Elias Abuelazam serial killer stabbing 311 AP.
(photo credit: AP)
— An Israeli man suspected in a three-state stabbing spree in the US
was ordered to stand trial Friday on an attempted murder charge after a
survivor of a midnight knife attack described how he desperately fought
off his assailant, saying he "almost lost my life."During
a separate hearing, evidence was offered in another case, the death of
Frank Kellybrew, whose slaying in July convinced police that a serial
killer was likely on the loose, north of Detroit. A decision on whether
there's probable cause for a first murder trial won't come until after
prosecutors present more testimony, especially about DNA, on December 3.
first case to be sent to trial in the string of summer stabbings. Elias
Abuelazam, who was captured while trying to flee to Israel, is charged
with three murders and five attempted murders in the Flint area, an
attempted murder in Ohio, and suspected in attacks in Virginia.
Abuelazam was suspect in Israel
US: Israeli serial killer arrested
"This is an emotional case for all parties concerned," Judge John Conover said.
A few hours earlier in front of a different judge, Richard Booker
testified about the night of July 19, when he left home on foot to buy a
can of beer. He said Abuelazam asked for help to open a stubborn hood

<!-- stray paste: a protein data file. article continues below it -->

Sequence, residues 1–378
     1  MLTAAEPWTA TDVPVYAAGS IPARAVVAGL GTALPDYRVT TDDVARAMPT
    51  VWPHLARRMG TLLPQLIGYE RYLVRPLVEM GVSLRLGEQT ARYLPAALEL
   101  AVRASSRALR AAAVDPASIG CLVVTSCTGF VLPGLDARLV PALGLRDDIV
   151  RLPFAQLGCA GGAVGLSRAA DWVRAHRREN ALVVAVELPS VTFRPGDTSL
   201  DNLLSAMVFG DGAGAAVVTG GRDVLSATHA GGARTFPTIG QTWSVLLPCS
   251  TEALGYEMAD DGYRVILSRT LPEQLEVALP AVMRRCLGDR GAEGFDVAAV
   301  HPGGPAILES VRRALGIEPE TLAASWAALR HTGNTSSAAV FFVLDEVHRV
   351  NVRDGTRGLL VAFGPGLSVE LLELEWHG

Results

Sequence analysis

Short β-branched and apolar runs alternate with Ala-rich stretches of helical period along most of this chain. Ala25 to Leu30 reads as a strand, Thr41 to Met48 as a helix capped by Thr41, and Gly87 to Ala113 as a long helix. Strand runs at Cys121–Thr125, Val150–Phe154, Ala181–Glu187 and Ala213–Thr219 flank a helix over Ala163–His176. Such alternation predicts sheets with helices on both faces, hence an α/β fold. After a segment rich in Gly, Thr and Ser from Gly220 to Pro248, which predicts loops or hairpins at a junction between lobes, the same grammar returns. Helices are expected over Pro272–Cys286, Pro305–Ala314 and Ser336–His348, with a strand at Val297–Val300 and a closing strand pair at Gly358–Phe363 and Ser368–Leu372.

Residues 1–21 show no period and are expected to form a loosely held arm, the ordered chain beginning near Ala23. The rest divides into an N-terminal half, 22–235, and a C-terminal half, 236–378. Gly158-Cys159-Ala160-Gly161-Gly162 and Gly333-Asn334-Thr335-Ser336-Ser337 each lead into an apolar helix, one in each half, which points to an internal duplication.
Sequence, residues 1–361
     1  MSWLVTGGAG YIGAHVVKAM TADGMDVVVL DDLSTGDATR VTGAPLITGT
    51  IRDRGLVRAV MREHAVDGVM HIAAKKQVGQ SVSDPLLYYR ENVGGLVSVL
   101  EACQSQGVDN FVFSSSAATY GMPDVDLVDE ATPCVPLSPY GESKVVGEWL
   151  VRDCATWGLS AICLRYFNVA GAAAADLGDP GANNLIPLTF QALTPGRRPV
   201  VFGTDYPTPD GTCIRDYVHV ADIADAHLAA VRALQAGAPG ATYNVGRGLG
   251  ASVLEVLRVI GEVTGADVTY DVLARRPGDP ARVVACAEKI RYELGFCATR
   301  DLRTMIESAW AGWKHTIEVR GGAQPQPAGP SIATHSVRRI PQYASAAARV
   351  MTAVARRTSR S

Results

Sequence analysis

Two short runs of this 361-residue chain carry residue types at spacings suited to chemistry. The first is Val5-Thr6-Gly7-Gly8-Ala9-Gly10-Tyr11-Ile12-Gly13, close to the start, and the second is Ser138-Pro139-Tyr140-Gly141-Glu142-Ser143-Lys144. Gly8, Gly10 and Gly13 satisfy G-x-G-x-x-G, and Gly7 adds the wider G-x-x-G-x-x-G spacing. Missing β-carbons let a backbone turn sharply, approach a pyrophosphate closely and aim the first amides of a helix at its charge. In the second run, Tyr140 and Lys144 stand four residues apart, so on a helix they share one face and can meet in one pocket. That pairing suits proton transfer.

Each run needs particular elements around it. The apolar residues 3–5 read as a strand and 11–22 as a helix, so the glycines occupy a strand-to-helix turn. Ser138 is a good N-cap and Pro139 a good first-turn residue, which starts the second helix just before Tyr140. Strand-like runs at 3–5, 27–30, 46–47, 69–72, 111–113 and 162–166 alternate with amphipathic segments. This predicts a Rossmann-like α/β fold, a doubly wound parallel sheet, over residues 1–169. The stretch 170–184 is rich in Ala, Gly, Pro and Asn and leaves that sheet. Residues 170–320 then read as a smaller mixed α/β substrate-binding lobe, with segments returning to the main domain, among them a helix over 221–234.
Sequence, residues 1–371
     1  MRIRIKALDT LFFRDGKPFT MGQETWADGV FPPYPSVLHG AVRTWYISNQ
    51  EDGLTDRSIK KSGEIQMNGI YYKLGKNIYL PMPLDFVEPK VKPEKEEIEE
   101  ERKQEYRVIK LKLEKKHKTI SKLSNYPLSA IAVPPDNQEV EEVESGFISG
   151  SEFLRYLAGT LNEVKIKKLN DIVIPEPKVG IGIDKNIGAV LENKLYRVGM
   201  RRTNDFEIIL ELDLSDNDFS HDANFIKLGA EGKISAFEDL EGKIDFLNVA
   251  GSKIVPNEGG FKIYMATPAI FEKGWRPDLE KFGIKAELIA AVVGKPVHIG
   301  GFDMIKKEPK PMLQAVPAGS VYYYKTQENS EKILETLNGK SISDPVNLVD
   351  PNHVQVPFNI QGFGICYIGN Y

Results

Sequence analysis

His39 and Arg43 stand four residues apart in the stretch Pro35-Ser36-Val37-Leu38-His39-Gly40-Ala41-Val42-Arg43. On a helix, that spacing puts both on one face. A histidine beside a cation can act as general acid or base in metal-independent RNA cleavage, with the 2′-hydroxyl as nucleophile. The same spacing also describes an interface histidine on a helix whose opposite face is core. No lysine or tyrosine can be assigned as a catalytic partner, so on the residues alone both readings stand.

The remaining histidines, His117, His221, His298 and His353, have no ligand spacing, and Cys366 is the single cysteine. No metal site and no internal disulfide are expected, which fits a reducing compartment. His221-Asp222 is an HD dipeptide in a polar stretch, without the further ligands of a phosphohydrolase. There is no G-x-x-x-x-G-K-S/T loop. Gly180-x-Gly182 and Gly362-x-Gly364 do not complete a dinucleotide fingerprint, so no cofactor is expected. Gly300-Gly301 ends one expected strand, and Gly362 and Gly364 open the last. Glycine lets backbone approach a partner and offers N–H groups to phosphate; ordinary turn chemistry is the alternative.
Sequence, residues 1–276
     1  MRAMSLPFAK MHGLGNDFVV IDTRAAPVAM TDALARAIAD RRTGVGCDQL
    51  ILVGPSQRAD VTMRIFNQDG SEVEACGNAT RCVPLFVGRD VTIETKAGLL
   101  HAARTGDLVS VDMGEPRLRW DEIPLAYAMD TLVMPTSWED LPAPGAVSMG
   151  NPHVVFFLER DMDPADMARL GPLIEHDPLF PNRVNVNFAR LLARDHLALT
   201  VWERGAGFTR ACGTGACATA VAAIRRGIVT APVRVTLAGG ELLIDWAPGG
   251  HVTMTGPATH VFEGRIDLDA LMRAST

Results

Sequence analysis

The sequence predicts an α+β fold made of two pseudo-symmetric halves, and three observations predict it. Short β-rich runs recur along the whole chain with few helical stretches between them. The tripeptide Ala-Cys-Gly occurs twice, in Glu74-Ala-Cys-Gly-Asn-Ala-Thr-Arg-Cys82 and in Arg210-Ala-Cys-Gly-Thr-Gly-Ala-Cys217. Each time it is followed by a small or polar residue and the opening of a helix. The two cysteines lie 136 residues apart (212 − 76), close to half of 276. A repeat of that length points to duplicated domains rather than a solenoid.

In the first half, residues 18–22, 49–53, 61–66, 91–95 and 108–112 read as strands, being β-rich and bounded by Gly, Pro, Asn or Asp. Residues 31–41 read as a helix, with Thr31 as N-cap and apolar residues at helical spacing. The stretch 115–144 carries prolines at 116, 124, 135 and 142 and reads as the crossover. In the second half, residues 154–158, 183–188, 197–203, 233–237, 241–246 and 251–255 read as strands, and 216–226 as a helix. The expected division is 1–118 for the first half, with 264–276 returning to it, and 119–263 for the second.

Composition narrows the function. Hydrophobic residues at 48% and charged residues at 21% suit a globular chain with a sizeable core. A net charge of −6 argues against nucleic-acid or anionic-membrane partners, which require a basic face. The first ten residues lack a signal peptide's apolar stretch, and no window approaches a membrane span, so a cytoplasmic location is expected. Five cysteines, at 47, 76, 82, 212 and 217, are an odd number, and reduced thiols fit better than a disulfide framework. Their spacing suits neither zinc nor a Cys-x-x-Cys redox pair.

on a Chevy Blazer.
"It all happened in a matter of seconds. He grabbed me around the neck
and stuck a huge knife in my liver," Booker said, stepping off the
witness stand to demonstrate on assistant prosecutor Tamara Phillips.
"I see him in my dreams every night," he said of Abuelazam.
Surrounded by six deputies and shackled at the belly, Abuelazam, 34, conferred with his lawyers during the testimony.
"I almost lost my life. ... God carried me home or something. I walked
or ran," Booker told Judge Richard Hughes, who found probable cause for
trial on attempted murder.
Defense attorney Brian Morley wasn't surprised by the decision, noting the evidence threshold at such hearings is very low.
Fourteen people were stabbed — five fatally — in the Flint area from May
to August. The victims were alone at night, and some who survived, like
Booker, said they were asked for help or directions before being
Morley aggressively cross-examined Flint Township police Detective Randy
Kimes after the officer disclosed that a man known to express racial
hatred was briefly considered a possible suspect in Kellybrew's death.
The man, however, was ruled out and released. Kellybrew was black.
It was his death that convinced police that a serial killer was in the area.
The stabbing "was something that got law enforcement to say, 'Hey, we've
got something here,'" Genesee County Prosecutor David Leyton said
recently. "That one was out in Flint Township. Some of the others had
been in the city. ... It became apparent what we had."